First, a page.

He was also in demand abroad. During the summer it was a trip to Kyoto to counsel the Japanese peace group on how to handle Vietnam deserters being hidden from the Japanese authorities and  US military police. When he served in the Philippines, Jeff had made a leave trip to Japan and liked the country.

Late fall ‘68 Jeff was with a delegation in Stockholm where the Swedish government had given sanctuary to many deserters. Ideally, he would have preferred antiwar GI’s to stay in the ranks and spread the word, but he respected an individual’s decision to bail out of the war.

By far, Jeff’s favorite destination was the Boston area. He was familiar with the town, having visited extended family there during his younger years. Many of his classmates from the Albany Academy had also gone to Harvard, so he was acquainted with Harvard Square and environs as well.

Several of VGI’s most generous financial supporters lived in and around the Square, so it became a frequent stop whenever he hit Boston. Most importantly though, he would visit the Boston Draft Resistance Group (BDRG) and his friends there further along the Charles River embankment in Central Square.

Jeff would give BDRG the templates for the latest issue of VGI, and they in turn would have thousands of additional copies printed. Their cadre of activists would then distribute the paper at military facilities throughout New England. It was a good arrangement.

By late in the year however, a medical problem that Jeff first experienced in Vietnam flared up, and he decided to head home for some doctoring.


“Because I could not stop for Death …”


Veterans Administration Hospital, Miami FL, 1960s

Home for Jeff was the Miami area where his parents lived. Exploratory surgery in early ‘69 detected cancer. It had spread, the odds were not good. Back at his alma mater, Indiana University, a friend arriving at a party of Jeff’s old college pals brought the news – the room went silent.

Despite his dire prospects, Jeff soldiered on, withstanding heavy doses of chemotherapy along with uncomfortable rounds of radiation. He fought hard, and by early spring the disease was in remission. The VA Hospital granted him a furlough.

In relays, friends and comrades from Chicago and Boston made the long drive down to Florida to spend time with Jeff. All of them would sit around drinking wine, listening to music, and laughing – there was lots of laughter about the many good times together.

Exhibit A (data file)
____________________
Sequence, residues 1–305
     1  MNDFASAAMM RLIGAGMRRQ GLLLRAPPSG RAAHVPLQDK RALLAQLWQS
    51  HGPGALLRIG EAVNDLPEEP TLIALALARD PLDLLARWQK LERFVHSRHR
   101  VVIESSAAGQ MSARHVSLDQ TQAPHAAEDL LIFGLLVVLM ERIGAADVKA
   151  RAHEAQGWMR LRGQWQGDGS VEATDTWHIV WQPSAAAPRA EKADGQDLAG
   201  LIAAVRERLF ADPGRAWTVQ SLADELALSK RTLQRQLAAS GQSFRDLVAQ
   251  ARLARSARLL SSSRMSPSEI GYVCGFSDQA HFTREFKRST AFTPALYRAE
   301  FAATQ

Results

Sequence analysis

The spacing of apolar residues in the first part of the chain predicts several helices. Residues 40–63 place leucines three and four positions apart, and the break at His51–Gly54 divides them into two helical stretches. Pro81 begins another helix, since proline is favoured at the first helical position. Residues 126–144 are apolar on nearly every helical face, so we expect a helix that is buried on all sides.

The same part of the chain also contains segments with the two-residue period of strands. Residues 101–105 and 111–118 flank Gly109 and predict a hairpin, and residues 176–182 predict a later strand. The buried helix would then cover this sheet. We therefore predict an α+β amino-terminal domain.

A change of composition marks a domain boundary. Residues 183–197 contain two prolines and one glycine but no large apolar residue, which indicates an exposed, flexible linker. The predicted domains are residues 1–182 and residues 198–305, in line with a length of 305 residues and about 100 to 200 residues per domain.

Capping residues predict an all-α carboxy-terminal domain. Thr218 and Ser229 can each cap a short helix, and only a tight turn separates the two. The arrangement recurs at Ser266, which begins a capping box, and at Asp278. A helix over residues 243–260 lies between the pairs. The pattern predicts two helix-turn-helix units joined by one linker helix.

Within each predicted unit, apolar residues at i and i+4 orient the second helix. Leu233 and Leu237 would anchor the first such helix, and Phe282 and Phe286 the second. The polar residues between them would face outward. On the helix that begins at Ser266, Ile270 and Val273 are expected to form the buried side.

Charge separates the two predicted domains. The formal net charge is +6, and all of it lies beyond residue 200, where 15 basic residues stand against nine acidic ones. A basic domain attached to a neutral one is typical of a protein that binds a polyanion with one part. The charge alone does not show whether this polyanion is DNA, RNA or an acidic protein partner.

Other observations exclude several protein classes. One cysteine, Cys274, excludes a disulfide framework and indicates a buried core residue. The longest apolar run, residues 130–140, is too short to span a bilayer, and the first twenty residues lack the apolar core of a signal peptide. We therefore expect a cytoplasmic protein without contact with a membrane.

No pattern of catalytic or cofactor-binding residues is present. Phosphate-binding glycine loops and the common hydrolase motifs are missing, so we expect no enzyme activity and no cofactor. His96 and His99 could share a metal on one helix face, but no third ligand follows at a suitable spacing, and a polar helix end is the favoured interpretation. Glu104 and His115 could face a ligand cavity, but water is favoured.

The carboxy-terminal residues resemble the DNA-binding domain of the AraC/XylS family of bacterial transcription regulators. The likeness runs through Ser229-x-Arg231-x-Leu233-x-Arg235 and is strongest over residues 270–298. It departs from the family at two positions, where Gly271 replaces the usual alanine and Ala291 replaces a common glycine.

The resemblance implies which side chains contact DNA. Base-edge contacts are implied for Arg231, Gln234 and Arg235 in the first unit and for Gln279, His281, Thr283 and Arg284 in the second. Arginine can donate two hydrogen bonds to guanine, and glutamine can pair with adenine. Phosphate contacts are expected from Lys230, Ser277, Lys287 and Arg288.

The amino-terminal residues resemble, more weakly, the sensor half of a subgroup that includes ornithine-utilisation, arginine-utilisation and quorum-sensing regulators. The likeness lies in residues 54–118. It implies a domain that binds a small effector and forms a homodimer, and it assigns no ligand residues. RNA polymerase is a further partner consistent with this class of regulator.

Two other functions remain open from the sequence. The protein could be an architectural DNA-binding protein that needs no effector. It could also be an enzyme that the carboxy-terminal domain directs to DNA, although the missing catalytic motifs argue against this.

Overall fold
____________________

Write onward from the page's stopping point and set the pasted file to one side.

Some will come, some will go
                                    We shall surely pass …
                                    We are but a moment’s sunlight
                                    Fading on the grass

Through the underground papers and the growing antiwar press inspired by Vietnam GI’s (VGI) success, news of Jeff’s illness flashed across the country and abroad. Dozens of cards and notes began arriving from myriad people in the antiwar struggle – everyone from Bernardine Dohrn, a national SDS leader, to individual GIs who only knew Jeff through his editorship of VGI.

Unfortunately the remission came to an end, and he had to return to the hospital for more chemo, more radiation, and IV’s, always the IV’s. But all was to no avail as he rapidly declined. In great despair one afternoon during late spring, Jeff attempted suicide, but failed. The end was near.

A few weeks later he slipped away – his heart stopped – he was gone. Death at an early age, he was only 27. He was widely mourned wherever an underground paper carrying his death notice was read. At the last SDS convention, a minute of silence in memory of Jeff was observed by the nearly 2000 gathered.

In an uncanny foreshadowing of what would become his destiny, many years later a friend recalled Jeff once telling him of his plans for Vietnam GI:

          He told me that this was what he wanted to do
          at this time in his life. And he thought this would
          be the most important thing he had ever done
          in life.***

Of the many obits, the most eloquent one began:

                 Many good men never came back from Nam. Some
          came back disabled in mind. Jeff Sharlet came back
          a pretty together cat – and he came back angry.
               Jeff started VGI and for almost two years poured
          his life into it in an endless succession of 18-hour
          days, trying to organize men to fight for their own
          rights.

As Emily Dickinson, the poet of Amherst, wrote, Because I could not stop for Death/ He kindly stopped for me.

*J Buquoi, “phu bai nights,” Snapshots from the Edge of a War. e-book         forthcoming via Amazon, 2015.
**D Kaplan, “Reminiscences of Jeff’s March 1967 Peroration,” August 2011.
***D Kaplan, “Last Conversation with Jeff,” August 2011.